Few writers come close to matching Joyce Carol Oates: Her deft annals of family strife, broken hearts, illicit affairs, gruesome deaths, and incest may not be the stuff of life (ours, anyway), but they are the fixings for late-night page-turning and book-obsession. It also doesn't hurt her reputation that Oates is as prolific as they come, writing a book or three per year, most of them in the 400-plus-page range.
Oates' singular fix has been human emotion, often explored through the lens of emotionally weak and unstable characters. Her portraits are frequently of people you'd like to knock upside the head, but they're also the tales of bad decisions and worse consequences that make for guilty vicarious pleasure. With such diverse ruminations on human failure, it's easy to imagine the author's torturous life. But we're convinced no one who writes three books a year has time to be tortured by much of anything. It's all in the imagination, we hope.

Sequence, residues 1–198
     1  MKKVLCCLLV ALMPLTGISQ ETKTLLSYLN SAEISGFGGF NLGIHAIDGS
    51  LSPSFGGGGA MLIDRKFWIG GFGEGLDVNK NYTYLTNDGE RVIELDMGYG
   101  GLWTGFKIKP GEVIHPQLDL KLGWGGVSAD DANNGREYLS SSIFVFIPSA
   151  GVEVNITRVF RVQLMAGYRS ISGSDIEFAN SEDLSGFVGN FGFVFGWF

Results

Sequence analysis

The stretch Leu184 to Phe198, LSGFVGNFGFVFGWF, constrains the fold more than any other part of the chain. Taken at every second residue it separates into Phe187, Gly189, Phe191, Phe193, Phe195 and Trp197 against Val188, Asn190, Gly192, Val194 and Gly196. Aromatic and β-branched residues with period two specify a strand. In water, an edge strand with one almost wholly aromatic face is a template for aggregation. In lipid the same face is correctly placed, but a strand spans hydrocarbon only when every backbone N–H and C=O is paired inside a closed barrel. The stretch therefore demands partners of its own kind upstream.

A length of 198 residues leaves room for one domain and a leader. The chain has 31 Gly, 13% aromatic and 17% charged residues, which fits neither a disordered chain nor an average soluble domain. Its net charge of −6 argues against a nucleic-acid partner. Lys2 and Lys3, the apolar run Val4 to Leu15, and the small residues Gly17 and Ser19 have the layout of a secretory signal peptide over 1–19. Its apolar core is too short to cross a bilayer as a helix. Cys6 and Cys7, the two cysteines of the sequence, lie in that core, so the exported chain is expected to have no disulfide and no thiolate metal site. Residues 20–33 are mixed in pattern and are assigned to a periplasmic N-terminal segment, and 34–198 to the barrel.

Oates' most recent work, Blonde, is an experimental reinterpretation of the life of Marilyn Monroe. Gifted with the word and amazingly broad in her subject matter, Oates remains one of our country's most significant writers, though -- as if in a story someone else might write -- she'll probably have to die to be recognized for it.